How Chris Bosh's Role Changes with Additions of Ray Allen and Rashard Lewis
I came to the conclusion that all of those players are pretty good and will be fine. With Allen and Rashard Lewis on the Miami Heat, the team has only improved exponentially because of the belief that they'll stretch the floor, leading to open lanes for Wade and James. The offense has had its concerns, but the majority of those concerns should be eradicated if Allen and Lewis pan out.
We spent all this time focusing on how Allen and Lewis affect the adjustments Wade and James will have to make, but what about the Heat's often-forgotten hero in Chris Bosh?
It's satisfying to see that all it took for people to realize how important Bosh is, was for him to sit out a few postseason games. The Heat went 5-4 in those contests, struggling mightily against Kevin Garnett, who was allowed to roam free on the defensive end. Because Bosh wasn't on the floor, Garnett was allowed to leave his assignment and throw double-teams at Dwyane Wade.
Once Bosh came back, however, it was a completely different story. Garnett had to begin honing in on Bosh because of his scoring ability from inside and out which left Wade and James to be single-guarded without having to worry about the paint being packed as much as it was prior to Bosh's return. In the end, it led to a Heat series victory with Bosh scoring 19 points on 11 shots in Game 7.
What Bosh provides to the Heat is essentially what the likes of Allen and Lewis provide but at a shorter distance. Not only does he stretch the floor as the Heat's most consistent midrange shooter, but because he's a power forward, he also attracts the influence of opposing bigs.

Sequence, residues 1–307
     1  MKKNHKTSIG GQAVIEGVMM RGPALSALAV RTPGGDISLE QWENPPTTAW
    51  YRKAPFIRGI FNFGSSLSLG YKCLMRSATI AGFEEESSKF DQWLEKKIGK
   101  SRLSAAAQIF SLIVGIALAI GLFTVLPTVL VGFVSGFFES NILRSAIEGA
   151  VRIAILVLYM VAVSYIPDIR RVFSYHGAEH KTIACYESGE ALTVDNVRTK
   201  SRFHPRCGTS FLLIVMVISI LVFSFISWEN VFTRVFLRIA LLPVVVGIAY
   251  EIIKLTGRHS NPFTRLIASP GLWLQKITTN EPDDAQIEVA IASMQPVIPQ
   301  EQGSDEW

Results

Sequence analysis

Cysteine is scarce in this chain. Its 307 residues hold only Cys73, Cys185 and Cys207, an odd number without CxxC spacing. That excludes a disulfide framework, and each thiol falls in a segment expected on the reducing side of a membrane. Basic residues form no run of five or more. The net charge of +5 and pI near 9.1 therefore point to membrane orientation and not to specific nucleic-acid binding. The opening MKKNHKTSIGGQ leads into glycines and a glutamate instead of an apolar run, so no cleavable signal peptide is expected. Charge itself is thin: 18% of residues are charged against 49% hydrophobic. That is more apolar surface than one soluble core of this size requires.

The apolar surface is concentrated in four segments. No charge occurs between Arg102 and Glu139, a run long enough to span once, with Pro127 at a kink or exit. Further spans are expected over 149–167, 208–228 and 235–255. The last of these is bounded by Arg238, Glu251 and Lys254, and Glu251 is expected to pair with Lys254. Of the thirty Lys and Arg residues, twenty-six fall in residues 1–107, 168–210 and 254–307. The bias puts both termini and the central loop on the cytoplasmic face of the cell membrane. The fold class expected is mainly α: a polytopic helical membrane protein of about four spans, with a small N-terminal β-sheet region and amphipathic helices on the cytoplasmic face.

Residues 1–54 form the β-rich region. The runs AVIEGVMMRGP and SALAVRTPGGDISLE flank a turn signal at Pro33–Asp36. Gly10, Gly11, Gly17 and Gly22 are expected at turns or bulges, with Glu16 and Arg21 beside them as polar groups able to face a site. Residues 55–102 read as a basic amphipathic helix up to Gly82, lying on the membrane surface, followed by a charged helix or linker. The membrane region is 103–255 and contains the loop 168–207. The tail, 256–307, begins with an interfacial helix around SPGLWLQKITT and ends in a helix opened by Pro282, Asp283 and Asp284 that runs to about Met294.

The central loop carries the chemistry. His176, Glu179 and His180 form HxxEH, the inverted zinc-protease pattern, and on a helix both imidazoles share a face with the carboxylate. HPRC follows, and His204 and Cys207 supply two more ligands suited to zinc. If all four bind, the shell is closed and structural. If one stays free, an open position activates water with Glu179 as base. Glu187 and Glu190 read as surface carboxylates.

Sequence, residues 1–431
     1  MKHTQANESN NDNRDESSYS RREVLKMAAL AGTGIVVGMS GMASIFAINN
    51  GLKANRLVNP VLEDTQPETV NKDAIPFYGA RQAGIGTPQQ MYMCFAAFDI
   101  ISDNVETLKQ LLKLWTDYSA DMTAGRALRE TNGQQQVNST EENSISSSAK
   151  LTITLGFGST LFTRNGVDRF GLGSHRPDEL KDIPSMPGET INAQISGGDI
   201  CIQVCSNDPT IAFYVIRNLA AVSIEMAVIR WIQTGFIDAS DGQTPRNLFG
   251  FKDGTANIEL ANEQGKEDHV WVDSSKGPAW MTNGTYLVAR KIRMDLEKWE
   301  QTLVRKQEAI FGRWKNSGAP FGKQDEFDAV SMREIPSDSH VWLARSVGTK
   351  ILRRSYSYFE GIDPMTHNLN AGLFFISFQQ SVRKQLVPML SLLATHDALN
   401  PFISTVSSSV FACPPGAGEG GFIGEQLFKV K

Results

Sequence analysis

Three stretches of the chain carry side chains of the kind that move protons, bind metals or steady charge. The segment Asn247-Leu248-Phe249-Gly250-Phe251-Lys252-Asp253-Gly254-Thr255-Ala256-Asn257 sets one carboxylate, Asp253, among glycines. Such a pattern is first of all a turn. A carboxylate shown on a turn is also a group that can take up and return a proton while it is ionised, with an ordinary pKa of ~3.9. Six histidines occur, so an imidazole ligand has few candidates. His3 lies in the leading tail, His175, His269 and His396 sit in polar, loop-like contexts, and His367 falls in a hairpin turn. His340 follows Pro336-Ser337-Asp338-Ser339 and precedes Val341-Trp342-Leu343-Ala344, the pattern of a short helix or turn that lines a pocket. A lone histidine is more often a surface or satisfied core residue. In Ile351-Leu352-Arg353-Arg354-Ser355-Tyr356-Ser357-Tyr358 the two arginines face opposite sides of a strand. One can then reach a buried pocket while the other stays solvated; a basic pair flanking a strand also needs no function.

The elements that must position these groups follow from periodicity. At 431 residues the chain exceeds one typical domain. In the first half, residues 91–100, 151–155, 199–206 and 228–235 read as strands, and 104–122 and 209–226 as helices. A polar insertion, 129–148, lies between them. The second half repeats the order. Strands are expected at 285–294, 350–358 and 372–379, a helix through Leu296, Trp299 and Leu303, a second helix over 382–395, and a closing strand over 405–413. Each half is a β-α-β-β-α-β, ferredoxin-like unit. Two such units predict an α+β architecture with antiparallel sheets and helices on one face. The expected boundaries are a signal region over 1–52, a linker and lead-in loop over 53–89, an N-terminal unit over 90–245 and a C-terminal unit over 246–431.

As a result, the lane opens up just a little bit more for Wade and James to work with. It's the same thing that's going to happen when Ray and Rashard are on the floor. Their notoriety as lethal shooters will force defenders to respect the perimeter (leading to more open looks for the likes of Bosh) while they spend the majority of their time within the three-point line.
I previously stated how Allen and Lewis will thrive off of the post ups of Wade and James. When it comes to working with Bosh, however, it's not as straightforward. Bosh isn't too lenient on posting up and is more prone to facing up and taking defenders off the dribble. Because he's a dual-threat on offense, it's only going to force defenders into a more difficult quandary on how they run their defense.
As if it wasn't difficult enough to guard this team already. Bosh stretching the floor with a 20-foot midrange jumper was one thing, but having to defend that AND Ray Allen or Rashard Lewis' three-point touch? That's a tall order, even for the league's most elite defenses.